Login ID:
Partner Login
Contact Us : 7066511911

Bannon Expresses Regret for Role in Book Critical of White House -- 2nd Update

8 Jan 2018 12:37 am
By Rebecca Ballhaus and Harriet Torry 

Former Trump strategist Steve Bannon on Sunday sought to mend fences with the White House after nearly a week of bitter exchanges over comments he made in a new book about the president and his closest advisers.

The retreat by Mr. Bannon came as the Republican Party sought to unite around key legislative priorities ahead of the midterm campaign season.

In a statement, Mr. Bannon, who was ousted from his White House role over the summer but has continued to occasionally advise President Donald Trump, said his support for the president is "unwavering." The statement followed last week's release of scathing comments by Mr. Bannon about some top presidential advisers, including family members, in Michael Wolff's, "Fire and Fury: Inside the Trump White House."

The quotes attributed to Mr. Bannon in the book, which he didn't dispute, spurred four days of attacks by the president, who said his ex-adviser -- whom he dubbed "Sloppy Steve" -- had "lost his mind" and "cried when he got fired."

The simmering feud came as Mr. Trump gathered with GOP legislative leaders at Camp David Friday and Saturday to discuss how to push the party's agenda in Congress in the short window before campaigning begins for November. They focused on issues including national security, immigration, infrastructure and health care, according to a White House official.

A news conference Saturday at the end of the retreat put on display the tensions between Republican lawmakers' desire to focus on the legislative agenda and the president's attention on the controversy. In brief remarks, Senate Majority Leader Mitch McConnell (R., Ky.) expressed hope for "a year of more bipartisan cooperation." House Speaker Paul Ryan (R., Wis.) said Republicans had a "very bold agenda for 2018." Lawmakers also have a pressing deadline: The government's funding expires at 12:01 a.m. on Jan. 20.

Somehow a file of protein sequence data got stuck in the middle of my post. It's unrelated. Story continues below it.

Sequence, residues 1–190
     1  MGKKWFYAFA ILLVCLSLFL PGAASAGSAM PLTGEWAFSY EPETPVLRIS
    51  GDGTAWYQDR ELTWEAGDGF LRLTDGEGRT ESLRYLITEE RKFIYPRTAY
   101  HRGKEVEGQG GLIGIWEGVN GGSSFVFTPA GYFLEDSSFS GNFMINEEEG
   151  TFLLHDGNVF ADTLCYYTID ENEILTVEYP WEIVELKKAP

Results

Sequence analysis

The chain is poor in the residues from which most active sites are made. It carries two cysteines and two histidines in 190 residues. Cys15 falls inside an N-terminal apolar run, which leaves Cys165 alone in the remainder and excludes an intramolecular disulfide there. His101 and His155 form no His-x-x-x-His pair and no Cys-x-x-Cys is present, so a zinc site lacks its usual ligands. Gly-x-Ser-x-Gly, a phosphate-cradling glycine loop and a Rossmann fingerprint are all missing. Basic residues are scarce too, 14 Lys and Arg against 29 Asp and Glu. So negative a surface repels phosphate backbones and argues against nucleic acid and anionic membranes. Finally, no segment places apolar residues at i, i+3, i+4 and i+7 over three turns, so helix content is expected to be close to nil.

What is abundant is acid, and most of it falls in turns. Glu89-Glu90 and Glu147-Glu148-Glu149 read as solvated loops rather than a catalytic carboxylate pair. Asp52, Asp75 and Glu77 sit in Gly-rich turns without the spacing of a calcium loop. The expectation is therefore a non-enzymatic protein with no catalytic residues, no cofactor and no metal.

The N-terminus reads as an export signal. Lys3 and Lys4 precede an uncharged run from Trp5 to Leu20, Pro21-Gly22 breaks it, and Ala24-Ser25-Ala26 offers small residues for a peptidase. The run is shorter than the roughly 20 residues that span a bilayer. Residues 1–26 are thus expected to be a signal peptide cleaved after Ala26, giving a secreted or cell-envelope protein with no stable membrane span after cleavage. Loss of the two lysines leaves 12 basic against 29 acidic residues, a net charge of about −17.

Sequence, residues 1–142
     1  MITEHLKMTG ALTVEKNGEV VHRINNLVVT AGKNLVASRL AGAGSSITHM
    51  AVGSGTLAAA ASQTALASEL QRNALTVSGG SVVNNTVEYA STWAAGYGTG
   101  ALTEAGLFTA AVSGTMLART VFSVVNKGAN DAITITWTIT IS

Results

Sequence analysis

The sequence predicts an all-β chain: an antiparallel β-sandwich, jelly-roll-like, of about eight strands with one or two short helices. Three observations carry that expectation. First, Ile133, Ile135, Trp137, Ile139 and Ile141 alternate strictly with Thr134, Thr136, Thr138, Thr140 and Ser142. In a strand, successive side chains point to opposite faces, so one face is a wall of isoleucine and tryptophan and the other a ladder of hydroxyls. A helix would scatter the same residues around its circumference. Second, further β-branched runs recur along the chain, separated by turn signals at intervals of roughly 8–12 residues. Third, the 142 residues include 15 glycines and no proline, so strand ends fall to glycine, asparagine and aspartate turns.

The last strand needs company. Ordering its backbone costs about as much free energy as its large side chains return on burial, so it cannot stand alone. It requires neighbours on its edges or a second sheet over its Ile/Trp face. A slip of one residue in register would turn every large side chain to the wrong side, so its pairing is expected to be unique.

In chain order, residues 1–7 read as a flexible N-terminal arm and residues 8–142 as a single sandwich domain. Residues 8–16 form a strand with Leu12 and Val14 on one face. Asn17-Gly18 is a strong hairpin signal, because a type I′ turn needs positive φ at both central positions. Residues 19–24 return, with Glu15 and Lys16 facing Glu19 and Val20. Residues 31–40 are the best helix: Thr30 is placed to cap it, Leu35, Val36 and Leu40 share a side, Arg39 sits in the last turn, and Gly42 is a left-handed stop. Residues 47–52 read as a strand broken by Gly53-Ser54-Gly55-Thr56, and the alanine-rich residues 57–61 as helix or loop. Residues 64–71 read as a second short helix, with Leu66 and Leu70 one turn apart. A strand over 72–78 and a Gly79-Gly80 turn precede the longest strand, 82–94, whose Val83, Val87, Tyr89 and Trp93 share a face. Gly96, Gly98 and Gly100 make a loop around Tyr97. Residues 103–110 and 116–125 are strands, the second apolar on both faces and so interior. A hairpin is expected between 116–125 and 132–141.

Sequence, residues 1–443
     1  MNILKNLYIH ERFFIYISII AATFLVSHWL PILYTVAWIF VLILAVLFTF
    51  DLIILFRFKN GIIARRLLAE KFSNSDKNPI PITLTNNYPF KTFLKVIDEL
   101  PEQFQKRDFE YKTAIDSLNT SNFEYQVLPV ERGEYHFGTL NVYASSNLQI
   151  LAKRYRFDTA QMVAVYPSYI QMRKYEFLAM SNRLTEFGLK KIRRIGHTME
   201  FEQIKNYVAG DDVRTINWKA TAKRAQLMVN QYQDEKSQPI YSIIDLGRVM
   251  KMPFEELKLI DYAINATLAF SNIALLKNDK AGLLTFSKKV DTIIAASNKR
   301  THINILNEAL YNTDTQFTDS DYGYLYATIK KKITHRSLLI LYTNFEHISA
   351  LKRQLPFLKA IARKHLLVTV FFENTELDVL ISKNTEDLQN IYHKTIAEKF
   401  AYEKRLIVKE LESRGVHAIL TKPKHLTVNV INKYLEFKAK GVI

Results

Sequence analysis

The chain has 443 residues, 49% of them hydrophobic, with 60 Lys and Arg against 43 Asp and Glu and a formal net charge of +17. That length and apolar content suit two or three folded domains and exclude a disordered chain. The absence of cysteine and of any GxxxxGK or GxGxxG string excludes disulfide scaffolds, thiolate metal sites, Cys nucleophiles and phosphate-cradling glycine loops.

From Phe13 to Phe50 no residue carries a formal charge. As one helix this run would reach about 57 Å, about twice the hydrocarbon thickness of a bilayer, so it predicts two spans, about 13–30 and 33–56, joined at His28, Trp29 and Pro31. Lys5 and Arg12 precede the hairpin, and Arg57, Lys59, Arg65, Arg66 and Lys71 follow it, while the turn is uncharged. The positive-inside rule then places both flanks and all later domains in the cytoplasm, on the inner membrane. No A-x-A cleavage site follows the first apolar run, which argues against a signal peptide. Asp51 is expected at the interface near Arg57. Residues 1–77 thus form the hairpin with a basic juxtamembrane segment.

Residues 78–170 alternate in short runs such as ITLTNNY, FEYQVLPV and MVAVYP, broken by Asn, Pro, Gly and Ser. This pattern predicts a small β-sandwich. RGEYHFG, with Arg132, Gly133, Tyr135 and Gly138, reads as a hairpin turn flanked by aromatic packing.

When Mr. Trump stepped up to answer questions, his focus turned again to the book, in which other advisers are said to be concerned about Mr. Trump's mental stability, citing his frequent "alarming repetitions."

Mr. Trump called the Wolff book a "disgrace" and lamented what he called the nation's "weak" libel laws that allowed it to be published. He also defended his academic credentials, saying he "went to the best colleges, or college." In tweets earlier that day, he described himself as a "very stable genius," adding, "throughout my life, my two greatest assets have been mental stability and being, like, really smart."

On Sunday, Mr. Trump said on Twitter the Camp David policy talks had gone well but again assailed the book.

Mr. Wolff, who has said Mr. Trump personally granted him access to the White House, which Mr. Trump disputes, defended the book on Sunday. "If I left out anything, it's probably stuff that was even more damning," Mr. Wolff said on NBC's "Meet the Press."

Veterans of past administrations and political consultants said Mr. Trump's continued focus on the book threatens to complicate the GOP agenda in the coming year.

"You need more discipline, not less discipline, and you seem to have little discipline still," said Craig Fuller, who served as assistant to former President Ronald Reagan for cabinet affairs. "That does have consequences, especially in a midterm election cycle, where it's hard to pass things anyway."

Mr. Bannon's comments were his first since the publication of the book, whose release was pushed ahead to last Friday after a Trump lawyer threatened legal action. In his statement, Mr. Bannon praised Donald Trump Jr. -- the president's eldest son whose June 2016 meeting with a Russian lawyer he had described as "treasonous" and "unpatriotic" in the book -- as "both a patriot and a good man." He said his comments in the book were "aimed" at former Trump campaign chairman Paul Manafort.